How to prevent salmonella infection in the kitchen
How can you prevent salmonella infection?
Bacteria on raw foods don’t always have to make you sick!
The key to preventing illness — at home, in a restaurant, on a picnic, or anywhere else — is to prevent the bacteria from growing to high levels and to destroy the bacteria through cooking to a safe minimum internal temperature.
To avoid salmonellosis, follow these guidelines for safe food preparation:
CLEAN: Wash hands and surfaces often
Wash hands with warm soapy water for 20 seconds before and after handling food and after using the bathroom, changing diapers, and handling pets.
Wash utensils, cutting boards, dishes, and countertops with hot soapy water after preparing each food item and before you go on to the next item.
Consider using paper towels to clean kitchen surfaces. If you use cloth towels, wash them often in the hot cycle of your washing machine.
SEPARATE: Don’t cross-contaminate
Separate raw meat, poultry, and seafood from other foods in your grocery shopping cart and in your refrigerator.
If possible, use one cutting board for fresh produce and a separate one for raw meat, poultry, and seafood.
Always wash cutting boards, dishes, countertops, and utensils with hot soapy water after they come in contact with raw meat, poultry, and seafood.
Never place cooked food on a plate that previously held raw meat, poultry, or seafood.
COOK: Cook to safe temperatures
Use a clean food thermometer when measuring the internal temperature of meat, poultry, casseroles, and other foods to make sure they have reached a safe minimum internal temperature:
Cook all raw beef, pork, lamb and veal steaks, chops, and roasts to a minimum internal temperature of 145 degrees F as measured with a food thermometer before removing meat from the heat source. For safety and quality, allow meat to rest for at least three minutes before carving or consuming. For reasons of personal preference, consumers may choose to cook meat to higher temperatures.
Cook all raw ground beef, pork, lamb, and veal to an internal temperature of 160 degrees F as measured with a food thermometer.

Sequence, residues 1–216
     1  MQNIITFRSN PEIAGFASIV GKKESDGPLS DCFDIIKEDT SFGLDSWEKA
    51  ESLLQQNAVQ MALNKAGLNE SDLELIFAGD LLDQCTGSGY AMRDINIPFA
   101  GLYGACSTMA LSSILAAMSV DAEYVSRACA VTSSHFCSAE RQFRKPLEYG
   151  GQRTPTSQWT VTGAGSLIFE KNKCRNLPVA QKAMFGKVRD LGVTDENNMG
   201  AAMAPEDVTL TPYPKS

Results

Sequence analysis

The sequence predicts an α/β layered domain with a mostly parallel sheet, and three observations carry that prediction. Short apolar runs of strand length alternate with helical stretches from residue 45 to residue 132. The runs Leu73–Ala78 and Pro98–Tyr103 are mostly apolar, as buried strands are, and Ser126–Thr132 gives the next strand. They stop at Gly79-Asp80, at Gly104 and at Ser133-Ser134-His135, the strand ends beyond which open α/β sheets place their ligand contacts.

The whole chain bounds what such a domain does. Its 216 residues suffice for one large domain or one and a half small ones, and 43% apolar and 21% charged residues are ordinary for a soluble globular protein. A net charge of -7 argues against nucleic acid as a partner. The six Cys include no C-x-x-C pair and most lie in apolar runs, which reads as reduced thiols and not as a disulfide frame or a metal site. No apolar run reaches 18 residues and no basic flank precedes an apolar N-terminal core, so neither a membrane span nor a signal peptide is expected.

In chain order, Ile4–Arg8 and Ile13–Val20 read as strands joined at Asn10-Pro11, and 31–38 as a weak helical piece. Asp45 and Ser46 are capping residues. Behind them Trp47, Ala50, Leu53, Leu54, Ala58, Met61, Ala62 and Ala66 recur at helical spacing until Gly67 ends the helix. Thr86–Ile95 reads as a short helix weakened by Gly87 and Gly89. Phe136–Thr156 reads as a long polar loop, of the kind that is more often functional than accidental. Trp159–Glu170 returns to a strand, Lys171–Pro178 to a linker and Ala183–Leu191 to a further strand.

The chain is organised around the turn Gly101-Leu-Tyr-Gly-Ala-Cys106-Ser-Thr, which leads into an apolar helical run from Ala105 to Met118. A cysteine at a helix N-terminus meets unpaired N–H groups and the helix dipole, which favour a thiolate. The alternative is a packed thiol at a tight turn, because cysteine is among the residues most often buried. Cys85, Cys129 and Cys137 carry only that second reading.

Cook all poultry to a safe minimum internal temperature of 165 degrees F as measured with a food thermometer.
Stuffed poultry is not recommended. Cook stuffing separately to 165 degrees F.
Egg dishes, casseroles to 160 degrees F.
Fish should reach 145 degrees F as measured with a food thermometer.
Bring sauces, soups, and gravy to a boil when reheating.
Reheat other leftovers thoroughly to at least 165 degrees F.
Use pasteurized eggs or liquid egg product to prepare recipes for homemade foods that may not require complete cooking. Other options include cooking the eggs thoroughly, or omitting the raw egg entirely.
Raw egg alert
Caesar salad dressing
Homemade ice cream
Raw cookie dough
See the raw egg alert to the right for some foods that may be affected.
CHILL: Refrigerate promptly
Keep food safe at home, refrigerate promptly and properly. Refrigerate or freeze perishables, prepared foods, and leftovers within 2 hours (1 hour if temperatures are above 90 degrees F).
Freezers should register 0 degrees F or below and refrigerators 40 degrees F or below.
Thaw food in the refrigerator, in cold water, or in the microwave. Foods should not be thawed at room temperature. Foods thawed in the microwave or in cold water must be cooked to a safe minimum internal temperature immediately after thawing.
Marinate foods in the refrigerator.
Divide large amounts of leftovers into shallow containers for quick cooling in the refrigerator.
OTHER: More things to consider
It’s not always possible to prevent salmonellosis, because food may be contaminated by an infected food handler. Even vegetables, fruits and other types of foods can be contaminated. Check out the CDC reports of Selected Salmonella Outbreak Investigations to find out the latest sources of contamination.